Money worries have a big impact on mental health recovery, says charity
Money worries and property problems can make mental health issues worse, Citizens Advice has warned.
Its new study revealed that the most common mental health problems staff are assisting with are debt and money problems, unemployment and work, and housing and welfare.
Mental health staff say these problems had a negative impact on their patients’ ability to manage their mental health, complete a course of treatment and ultimately recover.
Elsewhere, its data found that clients with mental health problems are more likely to face multiple, complex problems compared to the average client – 5.3 compared to 3.8.
The charity has called for advice services to be integrated into mental health services to provide more effective treatment.
Gillian Guy, Chief Executive of Citizens Advice, said: “If you’re living with mental health problems, everyday issues like managing your money, dealing with your landlord, or applying for benefits can be much more difficult to manage. But if these issues aren’t addressed, they can often escalate and make mental health problems worse – creating a vicious cycle that is difficult to break free from.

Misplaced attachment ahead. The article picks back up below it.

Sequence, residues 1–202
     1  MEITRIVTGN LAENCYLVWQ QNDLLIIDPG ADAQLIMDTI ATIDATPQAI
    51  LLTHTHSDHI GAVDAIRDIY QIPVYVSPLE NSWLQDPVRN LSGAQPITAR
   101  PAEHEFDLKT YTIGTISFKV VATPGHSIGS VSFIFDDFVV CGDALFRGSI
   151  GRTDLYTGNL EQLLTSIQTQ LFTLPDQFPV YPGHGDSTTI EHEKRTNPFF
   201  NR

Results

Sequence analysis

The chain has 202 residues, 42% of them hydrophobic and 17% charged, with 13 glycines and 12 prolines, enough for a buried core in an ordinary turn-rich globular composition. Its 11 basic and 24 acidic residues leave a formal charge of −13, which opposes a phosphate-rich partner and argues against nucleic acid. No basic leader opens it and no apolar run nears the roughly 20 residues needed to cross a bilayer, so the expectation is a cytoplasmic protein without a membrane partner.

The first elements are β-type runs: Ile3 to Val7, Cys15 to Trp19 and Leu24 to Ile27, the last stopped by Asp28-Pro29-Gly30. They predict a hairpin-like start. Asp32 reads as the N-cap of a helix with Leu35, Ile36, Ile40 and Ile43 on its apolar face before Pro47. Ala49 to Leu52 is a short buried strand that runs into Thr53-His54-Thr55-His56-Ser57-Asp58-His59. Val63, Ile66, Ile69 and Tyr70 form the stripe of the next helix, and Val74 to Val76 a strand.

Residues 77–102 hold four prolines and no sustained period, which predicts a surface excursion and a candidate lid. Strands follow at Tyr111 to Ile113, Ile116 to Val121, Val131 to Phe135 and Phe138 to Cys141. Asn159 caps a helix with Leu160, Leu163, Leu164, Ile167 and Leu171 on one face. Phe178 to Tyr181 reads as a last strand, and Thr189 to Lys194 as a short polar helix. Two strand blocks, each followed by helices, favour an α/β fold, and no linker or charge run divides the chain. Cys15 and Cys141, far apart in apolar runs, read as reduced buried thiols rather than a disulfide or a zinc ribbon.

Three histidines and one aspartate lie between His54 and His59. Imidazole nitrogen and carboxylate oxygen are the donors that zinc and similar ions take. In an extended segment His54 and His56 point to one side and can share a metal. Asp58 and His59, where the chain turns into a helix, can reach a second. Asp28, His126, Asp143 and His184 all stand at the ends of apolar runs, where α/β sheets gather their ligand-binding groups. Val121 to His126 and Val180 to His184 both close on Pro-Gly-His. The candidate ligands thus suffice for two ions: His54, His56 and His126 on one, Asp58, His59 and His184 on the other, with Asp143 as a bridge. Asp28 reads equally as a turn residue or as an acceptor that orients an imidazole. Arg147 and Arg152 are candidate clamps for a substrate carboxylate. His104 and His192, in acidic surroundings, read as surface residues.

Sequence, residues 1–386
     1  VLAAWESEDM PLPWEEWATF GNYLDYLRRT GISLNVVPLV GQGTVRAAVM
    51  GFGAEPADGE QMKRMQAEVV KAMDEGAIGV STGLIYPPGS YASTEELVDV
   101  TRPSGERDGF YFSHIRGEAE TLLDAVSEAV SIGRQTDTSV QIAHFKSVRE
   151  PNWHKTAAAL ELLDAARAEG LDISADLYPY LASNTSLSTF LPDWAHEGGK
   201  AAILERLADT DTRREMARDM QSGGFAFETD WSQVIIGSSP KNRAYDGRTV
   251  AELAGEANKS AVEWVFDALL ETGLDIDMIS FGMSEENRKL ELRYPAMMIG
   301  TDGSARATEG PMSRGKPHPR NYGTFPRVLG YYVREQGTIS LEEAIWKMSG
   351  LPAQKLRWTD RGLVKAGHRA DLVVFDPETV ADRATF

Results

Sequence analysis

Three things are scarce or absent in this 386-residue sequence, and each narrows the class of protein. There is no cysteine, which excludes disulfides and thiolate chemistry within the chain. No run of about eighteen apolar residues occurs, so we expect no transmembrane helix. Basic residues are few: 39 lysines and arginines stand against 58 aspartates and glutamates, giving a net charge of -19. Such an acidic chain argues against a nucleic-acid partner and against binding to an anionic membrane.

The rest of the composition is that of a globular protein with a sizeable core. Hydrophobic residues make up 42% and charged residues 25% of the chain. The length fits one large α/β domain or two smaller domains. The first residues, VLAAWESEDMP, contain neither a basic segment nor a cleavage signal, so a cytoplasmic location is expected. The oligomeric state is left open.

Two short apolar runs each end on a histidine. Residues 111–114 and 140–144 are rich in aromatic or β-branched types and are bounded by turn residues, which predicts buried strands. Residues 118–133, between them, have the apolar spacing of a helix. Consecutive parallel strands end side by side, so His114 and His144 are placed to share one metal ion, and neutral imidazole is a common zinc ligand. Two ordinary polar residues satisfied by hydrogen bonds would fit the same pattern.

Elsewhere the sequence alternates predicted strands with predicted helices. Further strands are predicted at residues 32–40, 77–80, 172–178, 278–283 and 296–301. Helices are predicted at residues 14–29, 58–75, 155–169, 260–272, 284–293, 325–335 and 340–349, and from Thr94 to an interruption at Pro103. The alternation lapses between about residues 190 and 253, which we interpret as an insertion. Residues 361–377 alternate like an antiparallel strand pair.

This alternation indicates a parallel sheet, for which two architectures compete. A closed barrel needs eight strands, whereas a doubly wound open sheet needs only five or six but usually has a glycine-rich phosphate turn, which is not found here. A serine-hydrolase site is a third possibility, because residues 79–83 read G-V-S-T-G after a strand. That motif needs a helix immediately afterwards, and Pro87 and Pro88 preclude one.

“Providing people with practical support is essential to make sure these problems don’t spiral out of control, but this should not be the job of already stretched mental health professionals. To reduce pressure on frontline NHS staff and better support people with mental health problems, advice services should be available in mental health settings as a matter of course.”
Dr Jed Boardman, Lead for Social Inclusion, Royal College of Psychiatrists, added: “In order to stay mentally healthy, we all need enough money in our pockets, a decent roof over our heads, some valued work, and a supportive environment. People with mental health problems need all of these to aid their recovery, as well as engagement with effective therapies.
“The effects of the present lack of advice services available for people with mental health conditions, as highlighted in the report, are exacerbated as mental health professionals try to do their job in the context of increasingly stretched resources. Integrating advice services in mental health settings is one important means of improving the lives of people with mental health conditions and the mental health workforce.”